[molly3]I realized about halfway through my final day of classes in college that I would probably never go to a real class again. I hadn\’t noticed as I was stretching during my gymnastics class (a put-off wish to take a FUN class at least once in the four years I was at MSU.) The realization sparked when I was in environmental journalism, and I suddenly had this overwhelming urge to burst into tears. No worries, I restrained myself. But with a rather anti-climatic ending to the day (although we did receive cookies and juice from our professor), I found myself wandering out of the Comm. Arts building alone, wondering why people weren\’t hugging, signing yearbooks and saying, \”H.A.G.S.\” (Have A Great Summer, for those who can\’t remember middle school acronyms). So, I did what any normal college student would do – I went to another class.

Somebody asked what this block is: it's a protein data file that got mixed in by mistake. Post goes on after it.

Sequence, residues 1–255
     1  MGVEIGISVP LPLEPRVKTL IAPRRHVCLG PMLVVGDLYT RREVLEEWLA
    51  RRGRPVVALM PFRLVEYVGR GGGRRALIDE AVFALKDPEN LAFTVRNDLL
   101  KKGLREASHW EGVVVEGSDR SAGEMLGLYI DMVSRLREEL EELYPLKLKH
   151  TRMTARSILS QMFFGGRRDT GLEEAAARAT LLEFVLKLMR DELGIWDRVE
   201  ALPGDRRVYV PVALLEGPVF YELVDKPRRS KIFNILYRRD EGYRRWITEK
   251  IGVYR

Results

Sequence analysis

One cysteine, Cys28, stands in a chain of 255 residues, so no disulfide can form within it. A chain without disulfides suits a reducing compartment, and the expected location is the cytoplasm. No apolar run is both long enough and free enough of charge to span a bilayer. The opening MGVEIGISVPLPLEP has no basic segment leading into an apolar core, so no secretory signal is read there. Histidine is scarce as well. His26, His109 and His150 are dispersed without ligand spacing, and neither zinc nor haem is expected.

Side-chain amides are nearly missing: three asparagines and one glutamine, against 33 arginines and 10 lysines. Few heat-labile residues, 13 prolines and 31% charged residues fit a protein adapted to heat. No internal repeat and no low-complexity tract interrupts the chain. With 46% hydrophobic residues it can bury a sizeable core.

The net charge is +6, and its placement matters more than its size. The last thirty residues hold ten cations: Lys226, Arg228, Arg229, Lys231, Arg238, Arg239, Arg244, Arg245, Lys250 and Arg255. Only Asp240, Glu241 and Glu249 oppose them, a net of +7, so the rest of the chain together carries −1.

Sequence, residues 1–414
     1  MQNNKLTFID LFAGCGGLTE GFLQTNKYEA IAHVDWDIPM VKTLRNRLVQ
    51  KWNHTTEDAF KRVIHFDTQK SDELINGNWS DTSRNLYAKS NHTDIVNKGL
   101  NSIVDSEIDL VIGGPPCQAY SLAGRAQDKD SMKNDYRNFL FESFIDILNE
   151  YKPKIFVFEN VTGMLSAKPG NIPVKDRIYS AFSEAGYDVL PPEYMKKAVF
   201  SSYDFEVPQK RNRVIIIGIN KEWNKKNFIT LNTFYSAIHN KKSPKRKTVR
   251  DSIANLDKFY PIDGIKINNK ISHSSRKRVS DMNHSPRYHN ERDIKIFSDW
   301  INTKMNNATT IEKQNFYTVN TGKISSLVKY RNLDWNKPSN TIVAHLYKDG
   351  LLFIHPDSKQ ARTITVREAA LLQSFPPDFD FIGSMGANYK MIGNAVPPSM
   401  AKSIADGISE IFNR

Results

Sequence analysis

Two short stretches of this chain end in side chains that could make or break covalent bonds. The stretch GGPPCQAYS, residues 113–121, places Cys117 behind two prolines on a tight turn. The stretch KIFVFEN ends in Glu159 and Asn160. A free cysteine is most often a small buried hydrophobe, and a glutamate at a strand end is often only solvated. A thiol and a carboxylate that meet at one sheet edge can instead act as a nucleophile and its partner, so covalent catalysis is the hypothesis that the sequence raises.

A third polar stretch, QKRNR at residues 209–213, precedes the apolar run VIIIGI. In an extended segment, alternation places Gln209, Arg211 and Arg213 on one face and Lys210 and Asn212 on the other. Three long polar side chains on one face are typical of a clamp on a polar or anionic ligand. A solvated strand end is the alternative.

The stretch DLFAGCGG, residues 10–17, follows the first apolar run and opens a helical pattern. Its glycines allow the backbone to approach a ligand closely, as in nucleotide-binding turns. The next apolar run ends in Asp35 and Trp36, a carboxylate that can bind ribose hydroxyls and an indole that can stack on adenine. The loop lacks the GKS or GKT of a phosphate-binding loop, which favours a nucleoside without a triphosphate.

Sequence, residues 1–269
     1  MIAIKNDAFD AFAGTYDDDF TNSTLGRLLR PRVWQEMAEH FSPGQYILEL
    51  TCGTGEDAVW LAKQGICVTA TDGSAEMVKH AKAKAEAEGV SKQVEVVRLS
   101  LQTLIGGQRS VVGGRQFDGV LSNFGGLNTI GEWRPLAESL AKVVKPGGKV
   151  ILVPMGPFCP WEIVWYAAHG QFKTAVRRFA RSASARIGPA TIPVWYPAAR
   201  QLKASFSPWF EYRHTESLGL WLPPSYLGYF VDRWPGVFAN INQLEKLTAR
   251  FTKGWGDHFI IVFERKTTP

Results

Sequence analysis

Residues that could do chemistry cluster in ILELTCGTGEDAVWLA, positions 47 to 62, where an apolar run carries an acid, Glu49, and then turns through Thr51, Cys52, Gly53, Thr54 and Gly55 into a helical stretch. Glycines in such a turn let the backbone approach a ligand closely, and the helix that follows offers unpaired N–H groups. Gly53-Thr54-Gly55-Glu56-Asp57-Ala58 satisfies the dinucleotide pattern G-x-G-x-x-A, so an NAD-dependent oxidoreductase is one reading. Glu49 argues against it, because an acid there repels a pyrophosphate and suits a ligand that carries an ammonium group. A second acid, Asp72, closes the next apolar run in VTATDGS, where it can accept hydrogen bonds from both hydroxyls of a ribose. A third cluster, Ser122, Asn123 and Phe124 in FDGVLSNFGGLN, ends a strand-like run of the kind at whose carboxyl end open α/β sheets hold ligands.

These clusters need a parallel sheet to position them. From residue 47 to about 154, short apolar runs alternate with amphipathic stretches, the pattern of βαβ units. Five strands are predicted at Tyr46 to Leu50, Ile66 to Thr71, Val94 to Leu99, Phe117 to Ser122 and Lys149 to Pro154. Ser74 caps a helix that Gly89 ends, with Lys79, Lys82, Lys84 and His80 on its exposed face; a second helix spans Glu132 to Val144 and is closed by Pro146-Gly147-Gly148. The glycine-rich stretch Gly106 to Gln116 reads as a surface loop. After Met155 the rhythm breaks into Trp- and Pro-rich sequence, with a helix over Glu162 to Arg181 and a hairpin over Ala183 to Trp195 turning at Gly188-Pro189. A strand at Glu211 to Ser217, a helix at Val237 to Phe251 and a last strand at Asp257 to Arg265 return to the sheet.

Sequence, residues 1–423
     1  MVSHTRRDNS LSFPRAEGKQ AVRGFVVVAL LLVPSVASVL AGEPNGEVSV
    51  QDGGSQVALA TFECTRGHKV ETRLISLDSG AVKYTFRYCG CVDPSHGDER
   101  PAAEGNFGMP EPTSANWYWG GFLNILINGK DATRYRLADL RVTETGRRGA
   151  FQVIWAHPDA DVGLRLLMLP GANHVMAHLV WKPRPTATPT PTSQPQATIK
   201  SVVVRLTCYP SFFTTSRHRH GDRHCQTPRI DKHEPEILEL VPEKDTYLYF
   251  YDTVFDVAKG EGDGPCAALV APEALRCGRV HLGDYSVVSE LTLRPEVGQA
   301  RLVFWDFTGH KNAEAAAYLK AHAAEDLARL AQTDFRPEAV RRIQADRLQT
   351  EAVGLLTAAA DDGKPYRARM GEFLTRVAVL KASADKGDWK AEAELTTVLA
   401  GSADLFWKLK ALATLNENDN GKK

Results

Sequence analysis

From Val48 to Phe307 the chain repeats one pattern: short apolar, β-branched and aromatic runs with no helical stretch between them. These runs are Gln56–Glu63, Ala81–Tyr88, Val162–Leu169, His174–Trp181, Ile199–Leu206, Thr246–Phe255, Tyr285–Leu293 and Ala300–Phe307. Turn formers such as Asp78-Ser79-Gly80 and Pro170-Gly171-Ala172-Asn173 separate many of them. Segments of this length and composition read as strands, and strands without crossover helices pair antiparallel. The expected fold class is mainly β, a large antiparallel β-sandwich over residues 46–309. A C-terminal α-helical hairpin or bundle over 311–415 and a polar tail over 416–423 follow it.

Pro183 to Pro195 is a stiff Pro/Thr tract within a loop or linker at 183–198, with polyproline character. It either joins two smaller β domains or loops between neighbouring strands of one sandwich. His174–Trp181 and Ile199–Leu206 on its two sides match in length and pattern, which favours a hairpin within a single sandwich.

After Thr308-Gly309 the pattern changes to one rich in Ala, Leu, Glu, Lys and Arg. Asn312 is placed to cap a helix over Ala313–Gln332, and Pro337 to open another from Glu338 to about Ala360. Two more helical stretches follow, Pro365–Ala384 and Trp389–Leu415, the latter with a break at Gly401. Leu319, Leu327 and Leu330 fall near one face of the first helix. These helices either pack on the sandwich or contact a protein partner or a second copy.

That\’s right. I put myself through more lecturing professors and uncomfortable seats because I had no idea when I\’d experience those pleasures again. The class wasn\’t my own, but I had been invited. (I\’m not sure if I could be a class crasher.) It was the advance poetry writing class I was signed up for at the beginning of the year, excited with the other classmates about continuing our poetry love from the year before. However, I dropped the class the day before it started, overloaded with other work. But my friends Zach and Randall pleaded with me to come, since they were reading a special poem. I felt loved and wanted and had to oblige. And to be honest, I loved every minute of being there. I can\’t help it – I\’ve always liked school.